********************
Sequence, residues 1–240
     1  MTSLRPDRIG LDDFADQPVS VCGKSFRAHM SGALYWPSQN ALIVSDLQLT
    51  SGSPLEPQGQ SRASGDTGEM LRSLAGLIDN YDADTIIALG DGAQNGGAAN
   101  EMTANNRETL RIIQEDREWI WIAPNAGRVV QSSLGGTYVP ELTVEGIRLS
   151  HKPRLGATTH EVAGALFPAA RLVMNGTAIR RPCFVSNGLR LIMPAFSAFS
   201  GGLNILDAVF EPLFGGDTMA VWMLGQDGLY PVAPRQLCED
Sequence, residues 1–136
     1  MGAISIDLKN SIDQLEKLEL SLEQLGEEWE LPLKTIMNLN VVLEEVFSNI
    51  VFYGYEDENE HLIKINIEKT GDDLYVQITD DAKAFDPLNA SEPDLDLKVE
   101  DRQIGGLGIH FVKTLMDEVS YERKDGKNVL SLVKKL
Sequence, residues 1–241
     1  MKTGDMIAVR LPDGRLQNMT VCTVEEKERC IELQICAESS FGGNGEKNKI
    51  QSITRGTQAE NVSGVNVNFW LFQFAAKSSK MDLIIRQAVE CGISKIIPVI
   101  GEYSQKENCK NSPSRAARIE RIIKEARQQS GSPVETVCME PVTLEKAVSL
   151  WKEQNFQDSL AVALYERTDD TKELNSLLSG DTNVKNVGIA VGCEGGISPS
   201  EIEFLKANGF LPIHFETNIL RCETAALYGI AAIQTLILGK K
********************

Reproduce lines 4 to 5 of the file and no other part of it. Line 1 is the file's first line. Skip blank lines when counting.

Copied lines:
   101  EMTANNRETL RIIQEDREWI WIAPNAGRVV QSSLGGTYVP ELTVEGIRLS
   151  HKPRLGATTH EVAGALFPAA RLVMNGTAIR RPCFVSNGLR LIMPAFSAFS